ISD1700 Based Lo-Fi Sampler

Custom music instruments here at Hackaday range from wacky to poignant. OpnBeat by [Hiro Akihabara] focuses on something different: simplicity.

There are few buttons, the design and code are optimized to be straightforward and easy to modify, and the interface is slick. Eight musical keys complement three interface keys and a knob. An Arduino Nano powers the main brains of the system but the music generation comes from eight Nuvoton ISD1700s controlled over SPI by the Nano. The beautifully laid-out PCB is 110mm by 180mm (4.33″ by 7″), so cases can easily be printed on smaller FDM printers. All the switches are Cherry MX switches for the beautiful tactile feedback.

The code, PCB, and 3D case files are all available on GitHub. We love the thought that went into the design and the focus on making it easy to recreate. It might be quite as cute and simplified as this twelve-button musical macro pad, but the two together could make quite the band.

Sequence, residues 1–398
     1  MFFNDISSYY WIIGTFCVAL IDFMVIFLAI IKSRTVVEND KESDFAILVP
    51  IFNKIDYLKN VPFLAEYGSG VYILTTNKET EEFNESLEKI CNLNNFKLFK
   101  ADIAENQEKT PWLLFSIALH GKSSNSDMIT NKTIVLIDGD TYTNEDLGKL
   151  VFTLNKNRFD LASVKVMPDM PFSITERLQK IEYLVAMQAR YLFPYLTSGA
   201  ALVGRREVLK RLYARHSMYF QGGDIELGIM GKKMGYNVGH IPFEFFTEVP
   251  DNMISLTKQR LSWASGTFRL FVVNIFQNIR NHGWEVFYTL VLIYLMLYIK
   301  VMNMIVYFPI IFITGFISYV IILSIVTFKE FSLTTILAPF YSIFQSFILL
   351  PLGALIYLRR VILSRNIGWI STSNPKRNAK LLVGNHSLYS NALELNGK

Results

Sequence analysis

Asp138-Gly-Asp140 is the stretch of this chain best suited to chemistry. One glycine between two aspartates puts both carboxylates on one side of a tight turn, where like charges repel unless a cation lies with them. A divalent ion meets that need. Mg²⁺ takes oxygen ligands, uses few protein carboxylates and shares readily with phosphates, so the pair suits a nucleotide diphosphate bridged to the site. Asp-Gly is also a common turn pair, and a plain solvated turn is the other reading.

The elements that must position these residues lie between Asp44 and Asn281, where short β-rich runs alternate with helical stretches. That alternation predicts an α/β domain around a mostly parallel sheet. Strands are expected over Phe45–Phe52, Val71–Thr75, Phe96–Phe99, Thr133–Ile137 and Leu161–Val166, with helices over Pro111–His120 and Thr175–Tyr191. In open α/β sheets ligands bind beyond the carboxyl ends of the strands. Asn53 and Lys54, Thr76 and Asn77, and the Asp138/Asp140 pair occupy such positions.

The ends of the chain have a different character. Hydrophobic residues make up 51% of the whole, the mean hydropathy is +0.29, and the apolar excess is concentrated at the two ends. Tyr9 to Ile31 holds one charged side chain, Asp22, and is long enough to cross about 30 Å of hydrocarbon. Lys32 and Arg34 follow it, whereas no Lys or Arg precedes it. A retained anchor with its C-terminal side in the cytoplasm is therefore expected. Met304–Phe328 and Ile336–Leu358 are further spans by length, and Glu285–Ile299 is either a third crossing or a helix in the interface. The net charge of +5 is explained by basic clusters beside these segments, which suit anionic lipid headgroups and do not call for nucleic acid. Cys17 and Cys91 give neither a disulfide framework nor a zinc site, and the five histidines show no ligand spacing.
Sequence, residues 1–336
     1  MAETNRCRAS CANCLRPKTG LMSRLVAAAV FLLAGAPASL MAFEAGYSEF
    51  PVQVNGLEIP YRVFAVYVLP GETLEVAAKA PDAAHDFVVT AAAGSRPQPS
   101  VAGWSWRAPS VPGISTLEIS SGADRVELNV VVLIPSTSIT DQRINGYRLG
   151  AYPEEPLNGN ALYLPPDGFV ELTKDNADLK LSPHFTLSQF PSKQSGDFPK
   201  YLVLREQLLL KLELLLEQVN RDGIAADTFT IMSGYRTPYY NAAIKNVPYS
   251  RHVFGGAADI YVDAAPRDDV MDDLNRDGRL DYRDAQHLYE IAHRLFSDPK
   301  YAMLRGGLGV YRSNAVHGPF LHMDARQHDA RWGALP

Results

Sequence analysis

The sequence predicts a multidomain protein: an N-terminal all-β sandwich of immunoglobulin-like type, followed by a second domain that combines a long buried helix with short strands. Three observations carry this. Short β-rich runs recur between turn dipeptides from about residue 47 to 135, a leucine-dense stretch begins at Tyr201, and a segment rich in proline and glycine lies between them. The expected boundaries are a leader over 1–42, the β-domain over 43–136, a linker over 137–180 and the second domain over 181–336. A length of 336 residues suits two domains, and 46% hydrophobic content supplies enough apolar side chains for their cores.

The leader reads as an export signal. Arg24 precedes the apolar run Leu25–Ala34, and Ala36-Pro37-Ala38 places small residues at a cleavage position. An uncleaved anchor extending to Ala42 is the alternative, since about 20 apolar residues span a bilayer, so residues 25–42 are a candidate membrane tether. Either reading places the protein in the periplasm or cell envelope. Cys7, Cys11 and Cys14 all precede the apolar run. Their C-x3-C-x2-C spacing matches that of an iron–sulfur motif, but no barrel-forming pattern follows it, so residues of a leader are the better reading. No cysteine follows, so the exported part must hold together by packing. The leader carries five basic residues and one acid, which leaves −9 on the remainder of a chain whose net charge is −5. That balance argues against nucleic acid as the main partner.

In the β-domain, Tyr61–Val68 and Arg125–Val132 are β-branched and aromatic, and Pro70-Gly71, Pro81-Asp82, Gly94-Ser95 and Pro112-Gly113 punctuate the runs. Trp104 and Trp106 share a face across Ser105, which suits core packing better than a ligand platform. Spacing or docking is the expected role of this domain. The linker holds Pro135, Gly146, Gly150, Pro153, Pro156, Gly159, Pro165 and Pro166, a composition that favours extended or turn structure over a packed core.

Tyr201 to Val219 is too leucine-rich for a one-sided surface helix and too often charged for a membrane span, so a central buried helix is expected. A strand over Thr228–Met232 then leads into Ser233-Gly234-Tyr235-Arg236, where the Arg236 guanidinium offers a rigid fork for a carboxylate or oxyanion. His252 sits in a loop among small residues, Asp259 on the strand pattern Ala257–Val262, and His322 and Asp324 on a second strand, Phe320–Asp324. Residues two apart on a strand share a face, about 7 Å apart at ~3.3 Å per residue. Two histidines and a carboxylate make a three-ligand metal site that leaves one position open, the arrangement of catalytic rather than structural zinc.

5 thoughts on “ISD1700 Based Lo-Fi Sampler

  1. ISD1700 is a strange beast. It stores each sample in an EEPROM cell as an analog charge instead of using digital storage with ADCs/DACs and compression. It hails back to the late ’80s and its siblings were popular in greeting cards and toys as they were extremely cheap and low power yet had higher fidelity than the LPC mask rom chips that came before.

    AI accelerator companies are just now releasing chips storing analog values in flash for in-memory compute, but they’re building on technology that was being sold by Hallmark three decades ago.

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